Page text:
This may impact your profit margins. However, it may also improve your cash flow management.

Suppliers may similarly offer these benefits. Inquire and take advantage of opportunities to reduce your costs with suppliers. While this has the potential to increase your cash on hand, it may also lead to a cash flow shortfall if mismanaged.

There are additional opportunities to accelerate the receipt and processing of receivables:

  1. Invest in a lock box service: facilitate quicker payment from distant customers with lock boxes — post office boxes serviced by banks to enable quicker payment processing.
  2. Ask customers to pre-authorize checks: this enables banks to draw against their accounts at timed intervals.
  3. Request that customers use depository transfer checks: banks directly address these checks to a specific person or fund, offering a cost-effective transfer of funds.

These options may help to reduce the amount of time it takes to collect the money from an invoice.

By creating opportunities for customers to promptly pay, you support a positive cash flow for your business.

3. Manage Expenses

Businesses should closely manage their expenses to ensure that the amount of cash funneled into them exceeds the amount that leaves them.

You will likely incur expenses throughout the month from office equipment to employee training. If not carefully tracked, these ordinary but not necessary expenses may compound quickly.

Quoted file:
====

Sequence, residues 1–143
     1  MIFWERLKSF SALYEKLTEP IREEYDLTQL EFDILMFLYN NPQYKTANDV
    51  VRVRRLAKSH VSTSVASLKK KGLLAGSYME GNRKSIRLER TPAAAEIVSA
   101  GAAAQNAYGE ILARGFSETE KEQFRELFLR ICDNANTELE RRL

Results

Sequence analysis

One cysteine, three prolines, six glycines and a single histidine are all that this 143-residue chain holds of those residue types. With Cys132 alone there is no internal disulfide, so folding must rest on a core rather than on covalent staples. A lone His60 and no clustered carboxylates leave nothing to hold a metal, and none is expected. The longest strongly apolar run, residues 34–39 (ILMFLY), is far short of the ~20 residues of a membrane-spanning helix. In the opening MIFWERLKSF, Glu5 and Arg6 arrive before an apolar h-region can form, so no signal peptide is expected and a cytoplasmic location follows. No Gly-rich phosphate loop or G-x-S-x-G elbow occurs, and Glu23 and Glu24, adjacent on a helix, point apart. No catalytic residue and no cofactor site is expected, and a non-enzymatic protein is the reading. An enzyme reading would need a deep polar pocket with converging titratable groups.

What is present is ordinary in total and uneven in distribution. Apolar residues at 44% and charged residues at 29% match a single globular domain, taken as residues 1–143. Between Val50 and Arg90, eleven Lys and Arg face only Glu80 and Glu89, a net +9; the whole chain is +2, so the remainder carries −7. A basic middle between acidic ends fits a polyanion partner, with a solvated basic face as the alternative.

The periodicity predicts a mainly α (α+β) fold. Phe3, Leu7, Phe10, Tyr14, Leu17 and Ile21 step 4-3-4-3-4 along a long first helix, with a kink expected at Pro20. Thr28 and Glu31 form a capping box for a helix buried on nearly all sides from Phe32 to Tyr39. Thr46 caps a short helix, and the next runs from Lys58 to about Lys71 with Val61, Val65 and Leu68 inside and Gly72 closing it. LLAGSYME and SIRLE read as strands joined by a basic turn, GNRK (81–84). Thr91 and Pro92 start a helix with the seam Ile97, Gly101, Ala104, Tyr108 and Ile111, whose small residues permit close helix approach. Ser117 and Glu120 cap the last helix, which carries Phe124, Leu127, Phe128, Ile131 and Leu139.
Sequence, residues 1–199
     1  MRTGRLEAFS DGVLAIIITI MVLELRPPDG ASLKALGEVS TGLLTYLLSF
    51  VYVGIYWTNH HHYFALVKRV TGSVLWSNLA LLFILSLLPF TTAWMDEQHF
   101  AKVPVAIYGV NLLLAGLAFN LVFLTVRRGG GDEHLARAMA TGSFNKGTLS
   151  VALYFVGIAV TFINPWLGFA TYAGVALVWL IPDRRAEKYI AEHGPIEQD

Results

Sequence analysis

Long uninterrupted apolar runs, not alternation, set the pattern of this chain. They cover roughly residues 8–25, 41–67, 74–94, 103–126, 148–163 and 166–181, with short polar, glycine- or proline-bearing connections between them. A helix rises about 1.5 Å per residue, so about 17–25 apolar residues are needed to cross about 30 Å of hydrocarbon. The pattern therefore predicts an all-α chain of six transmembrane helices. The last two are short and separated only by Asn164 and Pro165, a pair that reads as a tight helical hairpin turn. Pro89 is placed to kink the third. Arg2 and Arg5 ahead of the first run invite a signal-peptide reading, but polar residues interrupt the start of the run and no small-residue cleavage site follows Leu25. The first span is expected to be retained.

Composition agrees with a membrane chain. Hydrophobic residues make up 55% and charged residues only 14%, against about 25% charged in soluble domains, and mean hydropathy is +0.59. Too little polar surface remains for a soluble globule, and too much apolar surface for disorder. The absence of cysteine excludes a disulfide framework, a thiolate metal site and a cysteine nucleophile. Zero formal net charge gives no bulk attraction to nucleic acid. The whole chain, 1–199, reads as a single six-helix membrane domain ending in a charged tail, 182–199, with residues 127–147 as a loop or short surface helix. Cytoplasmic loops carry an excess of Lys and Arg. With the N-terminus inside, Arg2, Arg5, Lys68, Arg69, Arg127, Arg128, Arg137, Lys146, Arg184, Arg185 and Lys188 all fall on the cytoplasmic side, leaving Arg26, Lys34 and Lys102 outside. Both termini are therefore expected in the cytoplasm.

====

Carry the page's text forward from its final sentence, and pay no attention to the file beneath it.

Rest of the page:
To maintain a positive cash flow, track expense claims submitted by employees throughout the month. If necessary, be prepared to cut down on expenses to support financial stability.

If you practice fiscal discipline, your employees are likely to follow suit. This helps you to maintain an ideal balance between expenditures and revenues.

Another way to encourage a positive cash flow is to substitute fixed expenses with variable ones whenever possible.

For example, is it possible to rent rather than make a purchase? Is there an option to review rather than enter into a contractual obligation?

The flexibility offered by variable expenses is valuable. It enables you to scale based on your needs. If you need a greater amount of cash one month, you can easily reduce costs. If you have a greater flow the following month, you can expend more.

A disciplined approach to expenses in addition to variable options may help you to achieve a positive cash flow.

Control Your Cash Flow

A positive cash flow is a critical factor in a business’s success.

It’s important to maintain detailed financial records to track how cash moves through your business. This knowledge helps you to structure your business to produce a positive cash flow.

You may want to incentivize timely payments from customers. This increases the amount of incoming cash, which promotes a positive cash flow.

By diligently managing expenses, you may identify unnecessary costs to help maintain a positive cash flow.

Kate Russell is an Editorial Associate for Clutch — an Inc. 1000 private company that helps decision-makers determine the best B2B service providers to solve business challenges. She leads accounting research and content initiatives.